This thesis presents the work performed by the author on the application of resonantmode
techniques to commercially-orientated off-line converters. An extensive review of
resonant-mode topologies leads to the development of a method of categorisation of these
topologies which allows a greater comprehension of their properties. The categories of
converter thus obtained are the conventional resonant converter, the quasi-resonant
converter, and the gap-resonant converter. The gap-resonant converter is selected for
further investigation. An analysis reveals the limited load and input voltage capabilities
of this converter, and hence leads to the introduction of a pre-regulating converter to
improve reliability and commercial viability.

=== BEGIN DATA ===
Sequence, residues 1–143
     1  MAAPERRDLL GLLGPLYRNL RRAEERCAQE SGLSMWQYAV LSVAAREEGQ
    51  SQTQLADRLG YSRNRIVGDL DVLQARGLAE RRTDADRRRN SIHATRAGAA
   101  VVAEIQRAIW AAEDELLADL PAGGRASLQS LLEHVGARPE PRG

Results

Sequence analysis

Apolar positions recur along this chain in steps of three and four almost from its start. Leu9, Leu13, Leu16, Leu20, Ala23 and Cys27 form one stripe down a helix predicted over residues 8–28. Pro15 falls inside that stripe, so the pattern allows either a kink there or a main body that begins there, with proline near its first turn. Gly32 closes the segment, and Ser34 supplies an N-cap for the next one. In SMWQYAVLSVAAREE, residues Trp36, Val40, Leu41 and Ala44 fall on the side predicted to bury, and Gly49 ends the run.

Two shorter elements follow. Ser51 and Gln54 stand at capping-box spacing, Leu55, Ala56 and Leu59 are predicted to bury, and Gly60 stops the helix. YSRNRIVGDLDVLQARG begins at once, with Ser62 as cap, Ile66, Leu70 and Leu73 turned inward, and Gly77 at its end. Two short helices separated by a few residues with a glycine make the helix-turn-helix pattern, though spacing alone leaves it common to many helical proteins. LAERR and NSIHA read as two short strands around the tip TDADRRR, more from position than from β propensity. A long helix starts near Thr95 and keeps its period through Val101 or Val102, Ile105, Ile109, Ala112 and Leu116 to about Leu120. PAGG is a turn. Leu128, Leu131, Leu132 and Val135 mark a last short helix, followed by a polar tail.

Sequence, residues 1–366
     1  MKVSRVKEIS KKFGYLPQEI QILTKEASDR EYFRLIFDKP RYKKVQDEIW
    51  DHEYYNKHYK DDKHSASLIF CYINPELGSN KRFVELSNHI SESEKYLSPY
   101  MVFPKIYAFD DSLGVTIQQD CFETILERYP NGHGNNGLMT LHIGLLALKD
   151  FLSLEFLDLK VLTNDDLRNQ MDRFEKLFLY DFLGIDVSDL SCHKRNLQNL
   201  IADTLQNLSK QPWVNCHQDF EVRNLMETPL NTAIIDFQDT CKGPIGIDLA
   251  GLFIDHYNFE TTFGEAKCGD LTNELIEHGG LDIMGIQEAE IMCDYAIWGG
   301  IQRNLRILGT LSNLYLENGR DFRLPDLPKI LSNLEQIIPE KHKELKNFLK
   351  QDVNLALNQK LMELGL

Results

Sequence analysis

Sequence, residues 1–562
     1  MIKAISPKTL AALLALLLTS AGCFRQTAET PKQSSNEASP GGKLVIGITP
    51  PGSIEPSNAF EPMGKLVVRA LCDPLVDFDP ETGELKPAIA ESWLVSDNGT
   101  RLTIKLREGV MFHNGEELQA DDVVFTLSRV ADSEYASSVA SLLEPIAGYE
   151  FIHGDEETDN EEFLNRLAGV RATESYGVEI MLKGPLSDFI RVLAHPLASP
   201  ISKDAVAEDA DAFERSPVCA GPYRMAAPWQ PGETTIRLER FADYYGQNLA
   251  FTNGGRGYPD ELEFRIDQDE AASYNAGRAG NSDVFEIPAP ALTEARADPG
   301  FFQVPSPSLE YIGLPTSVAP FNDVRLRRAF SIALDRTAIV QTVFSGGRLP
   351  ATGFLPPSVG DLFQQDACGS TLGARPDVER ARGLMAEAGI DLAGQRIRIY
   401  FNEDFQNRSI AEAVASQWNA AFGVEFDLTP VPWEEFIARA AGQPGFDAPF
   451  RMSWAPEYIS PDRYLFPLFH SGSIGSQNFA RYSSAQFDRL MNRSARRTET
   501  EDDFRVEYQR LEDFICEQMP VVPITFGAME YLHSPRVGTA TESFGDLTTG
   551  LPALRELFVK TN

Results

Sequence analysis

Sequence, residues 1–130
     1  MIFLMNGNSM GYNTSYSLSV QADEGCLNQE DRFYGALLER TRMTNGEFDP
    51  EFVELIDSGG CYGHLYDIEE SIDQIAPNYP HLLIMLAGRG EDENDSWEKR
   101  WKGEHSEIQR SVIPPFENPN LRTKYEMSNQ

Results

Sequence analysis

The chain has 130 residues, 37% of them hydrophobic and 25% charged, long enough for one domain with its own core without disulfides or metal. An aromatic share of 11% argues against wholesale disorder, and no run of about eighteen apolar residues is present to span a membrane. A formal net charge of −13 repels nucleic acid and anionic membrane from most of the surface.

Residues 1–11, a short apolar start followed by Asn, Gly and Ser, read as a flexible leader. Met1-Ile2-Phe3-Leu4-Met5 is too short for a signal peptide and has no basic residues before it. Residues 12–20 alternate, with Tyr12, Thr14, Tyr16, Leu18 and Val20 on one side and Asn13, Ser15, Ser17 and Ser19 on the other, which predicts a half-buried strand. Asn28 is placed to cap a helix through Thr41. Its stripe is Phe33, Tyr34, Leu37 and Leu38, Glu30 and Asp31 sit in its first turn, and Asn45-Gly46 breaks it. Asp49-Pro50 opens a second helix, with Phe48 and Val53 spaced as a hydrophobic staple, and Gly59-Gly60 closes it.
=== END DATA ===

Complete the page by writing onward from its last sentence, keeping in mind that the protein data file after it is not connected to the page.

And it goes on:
High-frequency techniques are explored and reported, and new techniques are developed
in several areas in order to extend the concept of the gap-resonant converter to a realworld
practical design. Subjects explored include the high speed driving of power
MOSFETs, MOSFET and diode switching losses, high frequency magnetic materials and
core losses, and skin and proximity effects. The techniques developed are used in the
design of a 30OW, off-line converter with an input voltage range of 165V to 380V after
rectification, and a ten-to-one output load range.
A Doctoral Thesis. Submitted in partial fulfillment of the requirements for the award of Doctor of Philosophy of Loughborough University.